The World Anti-Doping Agency (WADA) put their revised Code (which you can read here) into place in 2009, and most of the federations in the world – both national and international – agreed to it. But then what happened?
That’s the question asked in a new paper in the academic journal Sport Management Review. Barrie Houlihan of the Loughborough University in the United Kingdom and the Norwegian School of Sport Sciences in Oslo concludes that adherence and enforcement of the code has been far from perfect worldwide.
“The major problem facing WADA is that implementation is not compliance and that treating simple adherence and formal implementation as evidence of compliance is misleading,” Houlihan writes.
This comes despite the number of federations which signed on – and the speed with which they did so. The UNESCO Code against doping was the fastest-ratified agreement in United Nations history. 123 countries went on to establish National Anti-Doping Organizations (NADO’s). One problem is that not all of them were created equally.
Notable differences in implementation between national federations and international federations include the size and monitoring of a registered testing pool, the rigor in examining applications for therapeutic use exemptions, and how to handle missed tests and whereabouts information.
There are a variety of reasons for this. In some countries, NADO’s simply do not have the monetary or other resources to be effective. In others, they must bow to more powerful partners for whom anti-doping may not be the biggest priority. Politics play a role at the government level, for example during the Cold War power struggles. Anti-doping efforts may be casualties of a government’s desire to prove its superiority.
And what is their incentive for doing better? Houlihan writes that anti-doping efforts are perhaps pursued only to the extent where fandom feels comfortable with sport, and where NADO’s can earn approval. At the moment, the public is not rabidly anti-doping, so there’s no reason for NADO’s to go further. If the public demanded more, then organizations would push harder to comply with those desires.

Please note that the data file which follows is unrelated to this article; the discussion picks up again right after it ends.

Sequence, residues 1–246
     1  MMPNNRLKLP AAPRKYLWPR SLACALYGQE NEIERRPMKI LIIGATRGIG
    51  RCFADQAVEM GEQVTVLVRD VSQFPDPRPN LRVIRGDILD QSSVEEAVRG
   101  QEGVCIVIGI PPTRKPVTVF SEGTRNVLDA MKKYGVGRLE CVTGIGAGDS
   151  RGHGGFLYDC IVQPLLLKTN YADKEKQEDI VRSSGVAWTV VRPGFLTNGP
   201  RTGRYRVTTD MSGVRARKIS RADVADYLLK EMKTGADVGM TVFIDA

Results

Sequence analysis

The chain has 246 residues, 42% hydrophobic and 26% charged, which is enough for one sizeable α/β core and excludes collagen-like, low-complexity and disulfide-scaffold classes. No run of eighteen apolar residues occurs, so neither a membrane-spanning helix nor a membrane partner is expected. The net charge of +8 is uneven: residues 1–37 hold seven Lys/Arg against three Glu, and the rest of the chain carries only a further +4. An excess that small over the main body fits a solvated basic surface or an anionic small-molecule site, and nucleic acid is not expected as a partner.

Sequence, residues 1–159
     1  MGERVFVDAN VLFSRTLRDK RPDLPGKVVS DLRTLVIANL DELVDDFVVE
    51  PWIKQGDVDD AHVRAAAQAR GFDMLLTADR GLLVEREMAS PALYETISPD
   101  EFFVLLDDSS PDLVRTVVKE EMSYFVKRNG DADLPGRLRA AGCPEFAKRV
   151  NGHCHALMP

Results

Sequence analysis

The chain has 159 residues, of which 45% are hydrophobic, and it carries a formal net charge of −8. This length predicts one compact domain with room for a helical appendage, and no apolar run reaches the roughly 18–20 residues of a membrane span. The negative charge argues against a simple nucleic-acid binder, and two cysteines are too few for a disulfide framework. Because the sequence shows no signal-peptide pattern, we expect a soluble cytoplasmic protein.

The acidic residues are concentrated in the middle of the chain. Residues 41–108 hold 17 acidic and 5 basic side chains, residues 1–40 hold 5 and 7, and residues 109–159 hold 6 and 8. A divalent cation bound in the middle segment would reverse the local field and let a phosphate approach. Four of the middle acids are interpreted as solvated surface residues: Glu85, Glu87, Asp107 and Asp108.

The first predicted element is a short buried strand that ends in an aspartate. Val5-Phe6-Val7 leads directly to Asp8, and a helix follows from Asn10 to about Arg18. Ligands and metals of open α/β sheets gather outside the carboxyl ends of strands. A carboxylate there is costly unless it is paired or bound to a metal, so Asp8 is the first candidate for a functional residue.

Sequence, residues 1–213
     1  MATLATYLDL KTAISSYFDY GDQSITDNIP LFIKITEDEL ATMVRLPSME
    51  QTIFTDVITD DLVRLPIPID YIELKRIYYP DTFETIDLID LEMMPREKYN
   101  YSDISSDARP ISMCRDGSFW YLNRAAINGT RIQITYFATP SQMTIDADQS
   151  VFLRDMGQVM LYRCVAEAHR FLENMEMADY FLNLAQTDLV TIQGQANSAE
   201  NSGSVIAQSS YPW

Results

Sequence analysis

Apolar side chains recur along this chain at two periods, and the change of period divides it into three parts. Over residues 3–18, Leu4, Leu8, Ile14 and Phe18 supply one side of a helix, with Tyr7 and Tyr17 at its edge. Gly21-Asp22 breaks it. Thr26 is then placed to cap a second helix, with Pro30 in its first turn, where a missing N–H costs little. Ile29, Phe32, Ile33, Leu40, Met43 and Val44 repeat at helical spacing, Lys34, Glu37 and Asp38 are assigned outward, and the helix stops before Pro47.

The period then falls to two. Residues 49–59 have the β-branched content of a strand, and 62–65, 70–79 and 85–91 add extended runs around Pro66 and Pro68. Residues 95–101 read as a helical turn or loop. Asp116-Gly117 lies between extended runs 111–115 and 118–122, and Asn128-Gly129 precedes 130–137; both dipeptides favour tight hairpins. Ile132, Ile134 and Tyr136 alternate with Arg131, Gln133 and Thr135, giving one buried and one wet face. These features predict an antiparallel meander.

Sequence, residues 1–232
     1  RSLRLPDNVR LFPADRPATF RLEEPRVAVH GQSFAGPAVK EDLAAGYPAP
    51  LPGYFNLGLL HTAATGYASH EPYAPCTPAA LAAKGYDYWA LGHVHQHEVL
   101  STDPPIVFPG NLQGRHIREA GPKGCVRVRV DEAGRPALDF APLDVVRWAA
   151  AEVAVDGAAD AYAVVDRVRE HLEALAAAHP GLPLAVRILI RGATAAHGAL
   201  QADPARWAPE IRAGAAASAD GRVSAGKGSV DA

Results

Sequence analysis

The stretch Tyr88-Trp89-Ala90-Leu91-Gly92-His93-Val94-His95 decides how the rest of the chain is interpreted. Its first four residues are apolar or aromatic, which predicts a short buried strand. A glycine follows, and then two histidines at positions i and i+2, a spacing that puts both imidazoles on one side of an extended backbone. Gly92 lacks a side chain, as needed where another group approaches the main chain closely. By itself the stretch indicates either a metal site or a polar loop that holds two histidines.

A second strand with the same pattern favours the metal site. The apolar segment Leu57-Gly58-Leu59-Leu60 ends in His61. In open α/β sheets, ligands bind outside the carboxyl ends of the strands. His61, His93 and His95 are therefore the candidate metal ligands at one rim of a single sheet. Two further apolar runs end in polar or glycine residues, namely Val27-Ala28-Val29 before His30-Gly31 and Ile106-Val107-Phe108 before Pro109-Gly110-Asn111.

There’s also considerable variation between international sports federations. For instance, the International Ski Federation (FIS) and the International Biathlon Union (IBU) both govern nordic sports, but have significant differences in how they battle doping. The two federations periodically claim that they are doing better than each other.
At the moment, they are tentatively moving towards “harmonizing” their anti-doping programs so that testing is uniform across the nordic sports, particularly at Olympic Games.
Efforts are also hampered at international events. The Independent Oberver report from the 2012 Tour de France gave anti-doping efforts a passing grade, yet recommended 57 areas of improvement. And yes, cycling is looked down upon as a doping-heavy sport – but they weren’t the only ones who showed a concerning lack of commitment to clean sport. The 2011 Pan-American Games were criticized by Independent Observers for a variety of infractions, and even the widely-supported 2012 London Olympics and Paralympics received substantial criticism.
While the public is not necessarily strongly engaged in doping issues, there is always outcry following positive tests. This means that many event organizers may find incentives to avoid having these positive tests – even if the easiest mode for accomplishing it is, rather than cleaning up sport, to test less than rigorously.
And finally, one ongoing point is the lack of positive tests in many professional sports. Houlihan does not discuss this, but take the National Football League, which has battled WADA for the past several years as it tries to avoid drug testing. Or look at FIBA, the international governing body for basketball. Over the course of four championship events this summer (senior and U-17 championships for men and women), the federation collected 300 samples.
“The scale of the anti-doping programme we had in place in 2014 was bigger than ever before and shows our ever-growing commitment to keep this game as clean as it always has been and hopefully always will be,” FIBA secretary general and International Olympic Committee member Patrick Baumann asserted, according to Inside The Games.
Really? That hasn’t been the case in other pro sports. Major League Baseball periodically has performance-enhancing drug scandals, while a major blowup occurred in Australia this year when several rugby teams were found to be cesspools of doping, sometimes with horse drugs.